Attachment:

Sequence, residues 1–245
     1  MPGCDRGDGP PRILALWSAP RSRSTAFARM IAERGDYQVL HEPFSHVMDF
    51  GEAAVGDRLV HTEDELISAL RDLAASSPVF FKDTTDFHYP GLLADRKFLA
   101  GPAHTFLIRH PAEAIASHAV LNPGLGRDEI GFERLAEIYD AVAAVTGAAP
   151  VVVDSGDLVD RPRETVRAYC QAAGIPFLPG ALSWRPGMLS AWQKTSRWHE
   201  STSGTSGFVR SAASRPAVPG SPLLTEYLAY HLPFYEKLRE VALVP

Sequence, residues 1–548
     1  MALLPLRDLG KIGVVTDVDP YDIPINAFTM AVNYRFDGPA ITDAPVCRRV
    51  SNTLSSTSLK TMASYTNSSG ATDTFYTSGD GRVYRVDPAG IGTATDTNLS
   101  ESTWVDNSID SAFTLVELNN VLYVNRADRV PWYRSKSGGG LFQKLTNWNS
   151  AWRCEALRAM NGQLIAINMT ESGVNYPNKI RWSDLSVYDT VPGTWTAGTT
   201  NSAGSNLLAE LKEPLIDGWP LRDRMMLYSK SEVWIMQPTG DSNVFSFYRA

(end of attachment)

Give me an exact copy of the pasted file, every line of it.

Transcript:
Sequence, residues 1–245
     1  MPGCDRGDGP PRILALWSAP RSRSTAFARM IAERGDYQVL HEPFSHVMDF
    51  GEAAVGDRLV HTEDELISAL RDLAASSPVF FKDTTDFHYP GLLADRKFLA
   101  GPAHTFLIRH PAEAIASHAV LNPGLGRDEI GFERLAEIYD AVAAVTGAAP
   151  VVVDSGDLVD RPRETVRAYC QAAGIPFLPG ALSWRPGMLS AWQKTSRWHE
   201  STSGTSGFVR SAASRPAVPG SPLLTEYLAY HLPFYEKLRE VALVP

Sequence, residues 1–548
     1  MALLPLRDLG KIGVVTDVDP YDIPINAFTM AVNYRFDGPA ITDAPVCRRV
    51  SNTLSSTSLK TMASYTNSSG ATDTFYTSGD GRVYRVDPAG IGTATDTNLS
   101  ESTWVDNSID SAFTLVELNN VLYVNRADRV PWYRSKSGGG LFQKLTNWNS
   151  AWRCEALRAM NGQLIAINMT ESGVNYPNKI RWSDLSVYDT VPGTWTAGTT
   201  NSAGSNLLAE LKEPLIDGWP LRDRMMLYSK SEVWIMQPTG DSNVFSFYRA